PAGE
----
Wednesday, April 23, 2014

Shakespeare's Birthday


 I once made the mistake of sharing my dislike for Thomas Hardy with a teacher (I dislike quite a few of those authors you’re supposed to like) and she turned to me and said: “you can’t say that! That’s like saying you don’t like Shakespeare or something!” And yet, I hated Shakespeare when I was in school.  English lessons were spent going through Macbeth at a painstakingly slow pace: translating word-for-word until the meaning was lost.  


You can acknowledge a writer’s cleverness, contribution to Psychology, that the literary canon is essentially based on them without actually enjoying their writing.  It can be so easy to get wrapped up in a name which has essentially become a brand that everything he ever touched is deemed a masterpiece.  Some of his stuff isn’t brilliant: I think it’s about time we admitted that, no? 

It’s interesting though, when somebody says that they dislike Shakespeare, how the common assumption is that they simply don’t understand him.  They’re missing something.  And maybe some of them are, his language is different from ours, the topics are complex, but it’s a lazy assumption to think that he’s the greatest writer we have and only uncultured people don’t like him.

I guess you could say that I admire him from a distance.  I love some of his plays and sonnets: they're just brilliant. Some of his other stuff, however, I always find wouldn't really be as loved as it is if it didn't have his name attached to it.  Yes, it's wonderful that we're celebrating him but I also think it’s about time we stopped insisting that everybody should love his work.  "But it's Shakespeare!" shouldn't be a valid response to someone saying they didn't like something he wrote.Let me know what you think – I’m so interested to see if anyone else agrees with me…..or if I’ve just alienated all of my readers! (Hopefully not…!)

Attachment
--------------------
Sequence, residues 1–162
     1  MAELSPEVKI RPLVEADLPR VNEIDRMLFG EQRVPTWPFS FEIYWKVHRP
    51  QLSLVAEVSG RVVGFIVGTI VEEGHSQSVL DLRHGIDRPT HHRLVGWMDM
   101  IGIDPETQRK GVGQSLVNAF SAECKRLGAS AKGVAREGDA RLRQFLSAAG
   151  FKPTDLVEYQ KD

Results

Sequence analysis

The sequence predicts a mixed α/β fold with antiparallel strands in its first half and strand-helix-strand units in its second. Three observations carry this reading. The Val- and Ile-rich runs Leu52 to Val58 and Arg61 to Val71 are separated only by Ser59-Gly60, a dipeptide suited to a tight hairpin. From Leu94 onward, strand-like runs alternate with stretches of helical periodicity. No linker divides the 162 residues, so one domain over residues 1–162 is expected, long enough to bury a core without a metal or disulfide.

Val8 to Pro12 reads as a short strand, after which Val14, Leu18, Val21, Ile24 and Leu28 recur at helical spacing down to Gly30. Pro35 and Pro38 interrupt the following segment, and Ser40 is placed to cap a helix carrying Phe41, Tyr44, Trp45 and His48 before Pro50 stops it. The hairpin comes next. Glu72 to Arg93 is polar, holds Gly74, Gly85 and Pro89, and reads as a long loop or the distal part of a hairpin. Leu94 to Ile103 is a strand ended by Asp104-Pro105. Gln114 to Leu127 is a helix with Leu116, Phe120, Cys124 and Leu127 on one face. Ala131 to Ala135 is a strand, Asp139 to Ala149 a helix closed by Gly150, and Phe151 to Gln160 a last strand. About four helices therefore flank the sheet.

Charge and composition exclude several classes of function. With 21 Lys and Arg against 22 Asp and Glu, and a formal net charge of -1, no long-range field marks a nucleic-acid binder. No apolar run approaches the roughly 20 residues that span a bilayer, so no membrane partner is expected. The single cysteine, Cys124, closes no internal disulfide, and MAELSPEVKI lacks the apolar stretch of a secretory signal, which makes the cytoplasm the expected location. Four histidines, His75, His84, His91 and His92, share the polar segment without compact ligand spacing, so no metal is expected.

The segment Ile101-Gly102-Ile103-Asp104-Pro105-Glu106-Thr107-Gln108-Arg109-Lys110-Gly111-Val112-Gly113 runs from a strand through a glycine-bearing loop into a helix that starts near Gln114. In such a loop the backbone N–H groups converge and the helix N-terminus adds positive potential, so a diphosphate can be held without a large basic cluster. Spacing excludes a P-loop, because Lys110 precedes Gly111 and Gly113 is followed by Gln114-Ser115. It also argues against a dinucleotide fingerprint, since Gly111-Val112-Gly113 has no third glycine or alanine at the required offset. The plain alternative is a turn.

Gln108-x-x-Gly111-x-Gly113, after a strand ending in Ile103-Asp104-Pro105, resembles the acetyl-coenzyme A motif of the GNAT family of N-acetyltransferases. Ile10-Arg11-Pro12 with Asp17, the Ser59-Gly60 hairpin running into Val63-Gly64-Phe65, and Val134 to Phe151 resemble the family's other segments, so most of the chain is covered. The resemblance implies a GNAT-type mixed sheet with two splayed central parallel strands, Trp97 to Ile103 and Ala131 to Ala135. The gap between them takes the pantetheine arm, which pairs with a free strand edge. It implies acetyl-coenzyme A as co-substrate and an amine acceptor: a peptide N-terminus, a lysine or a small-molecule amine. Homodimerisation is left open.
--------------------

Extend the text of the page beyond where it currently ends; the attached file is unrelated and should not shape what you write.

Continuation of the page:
// bloglovin' :: goodreads :: twitter
Share:

6 comments

char said...

I really do agree, I think it's sort of ridiculous how some of the more famous writers get viewed with those rose-tinted glasses which suggest that everything they ever created was amazing. Of course it wasn't. I like some of Shakespeare's work, whilst finding some of it really dull. I think it's wrong to make such broad generalisations.

bookbakeblog said...

I agree with you. Shakespeare has written some amazing works, but when writing such a huge amount of poems and plays, it's only logical that not all of them are masterpieces. Even one of my professors at university (I study English Language and Culture) said so. He also said it's a pity that there is such a great focus on Shakespeare while there were some other fantastic (maybe even better) writers in that time as well. I guess it's partly to do with the quantity of his work, too, and the huge contributions to the English vocabulary he has made.

Becki Explorer said...

Urgh...Thomas Hardy. I am not a fan either!! I completely agree about not liking an author for the sake of them being "classic". Ultimately, literature is an art and certain art reaches certain people....not everyone has the same opinion about the same works.

B x

Amanda Johansson said...

What a great post. I couldn't agree more. I've always said that reading should be about enjoyment and not painstakingly analysing every single word.

It's a shame when the brand overpowers the actual work. Like you said, it's a lazy assumption for people to make.

Really great article! :) x

Amanda Johansson said...
This comment has been removed by the author.
Charlotte said...

Well said! I enjoy some of Shakespeare's works, but I don't think we should take it for granted that everything a well-known writer produces is going to be great

justmuddlingthroughlife.com

© Reads and Recipes | All rights reserved.
Blog Design Handcrafted by pipdig